Chief data officers (CDOs) who met revenue-generation objectives and data monetisation goals were more successful in their role than those who primarily focused on enablement projects, such as data governance, according to the Gartner seventh annual Chief Data Officer Survey.
“It’s not enough to manage data well or provide analytic tools,” said Debra Logan, distinguished research vice president at Gartner. “Data & analytics (D&A) activities must be aimed at prioritised and measurable business outcomes, along with building D&A maturity. Asking the right questions, such as why we are measuring this or what is its relationship to value creation, will promote value delivery to business executives rather than focusing on the enablement of D&A initiatives.”
The seventh annual Gartner Chief Data Officer Survey was conducted worldwide from September through November 2021 among 496 CDOs, chief analytics officers and other high-level data and analytics leaders.
Successful CDOs Engage at Executive Level
While all respondents said they engage with executive management, and the CIO most frequently, high-performing CDOs are significantly more likely to have projects with the CEO that focus on value outcomes. Low performers have more projects with the CFO who is looking at costs and operational efficiency.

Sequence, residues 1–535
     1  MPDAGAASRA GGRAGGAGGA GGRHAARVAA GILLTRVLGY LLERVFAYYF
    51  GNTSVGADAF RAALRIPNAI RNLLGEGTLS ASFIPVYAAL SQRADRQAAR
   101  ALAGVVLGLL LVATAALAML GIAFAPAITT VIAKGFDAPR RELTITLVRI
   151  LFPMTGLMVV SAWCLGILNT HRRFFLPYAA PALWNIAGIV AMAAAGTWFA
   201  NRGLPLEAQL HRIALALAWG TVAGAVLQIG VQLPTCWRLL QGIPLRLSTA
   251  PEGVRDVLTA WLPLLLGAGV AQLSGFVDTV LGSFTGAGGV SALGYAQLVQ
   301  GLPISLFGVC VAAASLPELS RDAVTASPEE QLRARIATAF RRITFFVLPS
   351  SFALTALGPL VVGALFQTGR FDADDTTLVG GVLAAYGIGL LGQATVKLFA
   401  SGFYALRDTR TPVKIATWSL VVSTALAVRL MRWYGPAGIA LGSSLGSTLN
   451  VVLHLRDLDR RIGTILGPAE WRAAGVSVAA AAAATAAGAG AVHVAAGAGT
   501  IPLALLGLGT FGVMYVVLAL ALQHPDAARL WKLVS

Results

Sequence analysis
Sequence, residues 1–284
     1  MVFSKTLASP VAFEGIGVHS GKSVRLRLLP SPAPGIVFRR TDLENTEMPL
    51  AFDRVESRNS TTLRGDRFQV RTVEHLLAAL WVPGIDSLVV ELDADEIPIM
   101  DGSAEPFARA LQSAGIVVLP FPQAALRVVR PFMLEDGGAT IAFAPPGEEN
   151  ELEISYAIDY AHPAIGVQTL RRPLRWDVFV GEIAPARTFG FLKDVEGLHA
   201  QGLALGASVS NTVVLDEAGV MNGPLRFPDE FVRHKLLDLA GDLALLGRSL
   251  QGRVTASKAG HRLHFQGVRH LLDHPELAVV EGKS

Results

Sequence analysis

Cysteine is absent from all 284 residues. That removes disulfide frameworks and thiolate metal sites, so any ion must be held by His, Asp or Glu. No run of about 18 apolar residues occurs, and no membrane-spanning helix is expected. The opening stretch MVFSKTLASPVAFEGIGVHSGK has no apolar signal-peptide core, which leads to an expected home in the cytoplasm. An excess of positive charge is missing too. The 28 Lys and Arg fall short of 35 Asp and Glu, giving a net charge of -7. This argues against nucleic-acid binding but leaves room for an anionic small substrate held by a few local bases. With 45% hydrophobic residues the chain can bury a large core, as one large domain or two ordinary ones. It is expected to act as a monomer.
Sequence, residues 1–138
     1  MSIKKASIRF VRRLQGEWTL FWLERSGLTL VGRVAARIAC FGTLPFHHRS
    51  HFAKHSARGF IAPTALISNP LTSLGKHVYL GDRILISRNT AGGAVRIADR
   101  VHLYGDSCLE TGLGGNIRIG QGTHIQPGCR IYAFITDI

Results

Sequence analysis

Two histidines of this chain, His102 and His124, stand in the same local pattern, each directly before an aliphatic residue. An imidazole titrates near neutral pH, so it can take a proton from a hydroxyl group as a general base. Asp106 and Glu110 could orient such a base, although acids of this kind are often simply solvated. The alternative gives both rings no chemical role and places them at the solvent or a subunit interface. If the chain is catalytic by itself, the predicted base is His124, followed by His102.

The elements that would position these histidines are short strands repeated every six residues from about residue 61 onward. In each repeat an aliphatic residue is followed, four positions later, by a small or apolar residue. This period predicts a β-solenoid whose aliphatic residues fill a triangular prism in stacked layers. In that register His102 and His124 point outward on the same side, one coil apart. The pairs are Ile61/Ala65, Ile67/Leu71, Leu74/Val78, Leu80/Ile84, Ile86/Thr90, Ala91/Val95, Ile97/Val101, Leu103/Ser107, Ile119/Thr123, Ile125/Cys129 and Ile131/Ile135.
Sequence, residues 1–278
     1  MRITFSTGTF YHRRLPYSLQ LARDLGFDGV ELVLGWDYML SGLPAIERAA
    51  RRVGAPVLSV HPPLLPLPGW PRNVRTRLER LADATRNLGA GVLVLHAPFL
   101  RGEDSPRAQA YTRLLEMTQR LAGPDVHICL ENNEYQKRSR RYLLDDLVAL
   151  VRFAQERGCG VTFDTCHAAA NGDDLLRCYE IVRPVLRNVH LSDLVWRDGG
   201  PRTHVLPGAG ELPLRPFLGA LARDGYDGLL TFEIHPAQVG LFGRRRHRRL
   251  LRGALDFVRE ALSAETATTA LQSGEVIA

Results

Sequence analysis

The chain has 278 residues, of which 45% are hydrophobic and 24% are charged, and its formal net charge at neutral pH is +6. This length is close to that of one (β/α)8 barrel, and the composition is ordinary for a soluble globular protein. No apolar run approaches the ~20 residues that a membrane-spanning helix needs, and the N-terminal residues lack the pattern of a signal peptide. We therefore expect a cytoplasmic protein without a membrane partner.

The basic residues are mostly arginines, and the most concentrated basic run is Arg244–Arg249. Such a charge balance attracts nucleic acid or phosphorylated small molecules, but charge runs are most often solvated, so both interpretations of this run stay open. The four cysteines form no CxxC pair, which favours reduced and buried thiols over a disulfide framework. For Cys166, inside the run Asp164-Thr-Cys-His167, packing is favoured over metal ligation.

The top three objectives of the highest performing CDOs, were improving decision-making capability (63%), meeting revenue generation (49%) and improving customer experience (49%).
“To increase the attention of the CEO and other business executives, the CDO should seek out data projects that focus on revenue generation, data monetization and productisation, improving customer satisfaction and remove obstacles to data sharing,” said Logan. “For non-commercial organisations, promoting data sharing, citizen satisfaction and open data are all good ways to gain organisational investment and success.”
Success Gap Is Widening
The survey respondents cited talent shortages (45%), culture challenges to accept change (40%) and lack of resources and funding (32%) as their most important barriers to the success of their D&A initiatives. The CDOs who actively addressed change management and data literacy within their programmes were more successful than their peers.
For example, CDOs who invested much more in resources and talent were 1.8 times more effective and successful with their data literacy programmes than those who invested less.
“Increasing data literacy inside the organisation enables D&A leaders and CDOs to implement a data-driven culture which encourages the use of data in decision-making,” said Logan. Sixty-one per cent of survey respondents said the development of a data-driven culture is one of their top investments.
“Executives have realised that in a data-driven organisation, D&A is no longer an afterthought. D&A is fundamental to digital business transformation and can deliver value if the CDO addresses both data and business priorities.”
Technology Investment Priorities
The survey found that CDOs invest simultaneously in foundational data capabilities including data quality and data governance, and advanced capabilities such as machine learning (ML) and AI and data literacy.
In terms of investment, data management was ranked at the top by 80% of survey respondents and 59% of them ranked ML and AI and advanced analytics as their No. 5 investment priorities in 2021.